That passion, curiously, is expressed in each show through strong women. A gay man, says Ball, can see men through a straight woman's eyes--"We understand how weird men are"--but he believes he can also view women with greater detachment. "Once you remove the illusory screen of romantic projection, there is a person," he says, "and it's easier for a gay man to see the person in a female character." EDITOR’S NOTE: YEAH, MAYBE. BUT THERE IS ALSO A TENDENCY TO BOTH OBJECTIFY ON THE ONE HAND, AND DEMEAN ON THE OTHER. (SOMETIMES). I DON’T THINK BEING GAY IPSO-FACTO GIVES ANY GREATER INSIGHT INTO WOMEN, AND THERE IS ALWAYS A DANGER WHEN THE GAY MAN THINKS IT DOES.

And, says Showtime entertainment president Robert Greenblatt, gay writers are more inclined to think about gender roles and stereotypes. "Straight men don't think about gender," he says. "Why should they? They're in the dominant position." (Of course, it's worth noting that the male perspective, straight or gay, is much more common on TV than that of women, who still create far fewer prime-time shows.) EDITOR’S NOTE: PERHAPS OF FAR GREATER SIGNIFICANCE THAN THE GAY VS. STRAIGHT ISSUE. (IMHO…..)

Housewives' suburban hotties, like Sex and the City's urban ones, are unabashed straight stereotypes: the frazzled mom, the girl next door, the spicy Latina, the uptight homemaker. But, notes Paul Colichman, co-founder and CEO of Here! TV, a gay and lesbian premium channel, "Gay men have always loved sexy, ultrafeminine, exaggerated women like Marilyn Monroe. The women in Desperate Housewives are caricatures and larger than life. That's why it works." EDITOR’S NOTE: THEY ARE BORDERLINE DRAG QUEENS, AREN’T THEY?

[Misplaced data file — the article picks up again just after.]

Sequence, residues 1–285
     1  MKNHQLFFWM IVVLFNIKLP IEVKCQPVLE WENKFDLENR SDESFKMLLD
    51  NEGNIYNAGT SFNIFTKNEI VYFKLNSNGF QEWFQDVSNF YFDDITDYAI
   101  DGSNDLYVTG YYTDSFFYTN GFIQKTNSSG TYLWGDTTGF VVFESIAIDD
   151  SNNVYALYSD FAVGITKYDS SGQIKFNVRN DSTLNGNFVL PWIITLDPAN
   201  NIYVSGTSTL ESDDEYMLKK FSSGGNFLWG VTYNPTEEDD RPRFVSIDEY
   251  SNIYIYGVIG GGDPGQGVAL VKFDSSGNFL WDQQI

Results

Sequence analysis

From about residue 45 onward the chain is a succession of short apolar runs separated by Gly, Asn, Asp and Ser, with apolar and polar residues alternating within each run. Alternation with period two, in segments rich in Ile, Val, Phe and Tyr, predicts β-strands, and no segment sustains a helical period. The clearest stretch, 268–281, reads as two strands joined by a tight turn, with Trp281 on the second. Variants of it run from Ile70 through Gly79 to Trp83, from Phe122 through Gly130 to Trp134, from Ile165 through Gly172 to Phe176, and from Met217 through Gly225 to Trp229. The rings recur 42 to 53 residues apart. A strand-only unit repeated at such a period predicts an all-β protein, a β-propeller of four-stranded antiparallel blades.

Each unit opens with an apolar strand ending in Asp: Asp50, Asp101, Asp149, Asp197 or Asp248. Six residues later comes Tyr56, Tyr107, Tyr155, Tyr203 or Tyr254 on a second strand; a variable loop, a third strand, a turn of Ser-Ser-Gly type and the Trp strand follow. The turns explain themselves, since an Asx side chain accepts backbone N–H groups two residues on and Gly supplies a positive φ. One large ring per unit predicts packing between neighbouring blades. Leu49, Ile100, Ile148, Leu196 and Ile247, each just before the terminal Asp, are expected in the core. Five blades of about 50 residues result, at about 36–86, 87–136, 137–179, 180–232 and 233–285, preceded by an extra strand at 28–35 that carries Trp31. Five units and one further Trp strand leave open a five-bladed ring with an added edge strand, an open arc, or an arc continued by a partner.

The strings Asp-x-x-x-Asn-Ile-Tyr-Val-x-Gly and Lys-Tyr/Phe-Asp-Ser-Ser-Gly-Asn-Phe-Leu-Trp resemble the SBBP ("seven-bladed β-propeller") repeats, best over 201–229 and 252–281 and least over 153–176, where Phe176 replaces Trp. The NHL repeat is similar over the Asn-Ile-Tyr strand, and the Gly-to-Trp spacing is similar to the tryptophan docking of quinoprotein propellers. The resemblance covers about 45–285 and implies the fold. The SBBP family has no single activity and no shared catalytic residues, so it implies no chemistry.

There's an old tradition of gay writers (not to mention actors) expressing themselves through straight characters. Gay audiences saw themselves reflected in vivid women like Blanche DuBois in Tennessee Williams' A Streetcar Named Desire. TV and movie writers created themes and characters that were palatable to straight audiences but tripped the gaydar of knowing viewers--say, Paul Lynde's queeny Uncle Arthur on Bewitched. (In advertising, such dual signals are called gay vague.) Even Sex and the City, with its witty, sexually assertive women, was reminiscent of the old maxim "Write gay, cast straight." EDITOR’S NOTE: NOEL COWARD, ANYONE?

Shows like Cherry's, Murphy's and Ball's are not about sending coded messages from the closet to the living room. Yes, there are still barriers to gays on TV--Survivor last fall edited a kiss between two women. EDITOR’S NOTE: EATING BUGS AND BEING VILE TO OTHER PEOPLE IS OK, BUT A GAY KISS IS NOT? OH JEEZ…..But Ball and Murphy work in cable, where they could create gay characters--and have. Even on network TV, Housewives recently had Susan (Teri Hatcher) stumbling across the teenage son of Bree (Marcia Cross) smooching another guy at a pool party. When he comes out to Bree in a later episode, she says, "Well, I'd love you even if you were a murderer"--the precise response, Cherry says, that his mother gave when he came out at age 31.

Mostly, though, these writers are asserting their right to be gay yet to write straight. Which raises the question, Couldn't straight men or women have created these shows? Probably. But they didn't. Instead, these writers have taken the idea of a gay sensibility beyond the old campy, fey stereotypes. Their shows have the subtler sensibility defined by gay film historian Vito Russo in The Celluloid Closet, his study of the influence of gays on the movies: "A natural conviction that difference exists but doesn't matter, that there's no such thing as normal even when a majority of people think so." EDITOR’S NOTE: WHICH IS QUITE COMFORTING TO ALL OF US, I THINK. (ESPECIALLY DWEEBS!)

This is a conviction you don't have to be gay to share. Whether set in an operating room or a funeral home, a leafy suburb or glittery Manhattan, these shows question our easy ideas of normality. They argue that knowing yourself can take a lifetime. And they tell us that truth is an essential part of life and art--but one that cannot always be told straight. EDITOR'S NOTE: SO...BOTTOM LINE, WE WANT GOOD TV AND WE DON'T CARE WHO WRITES IT!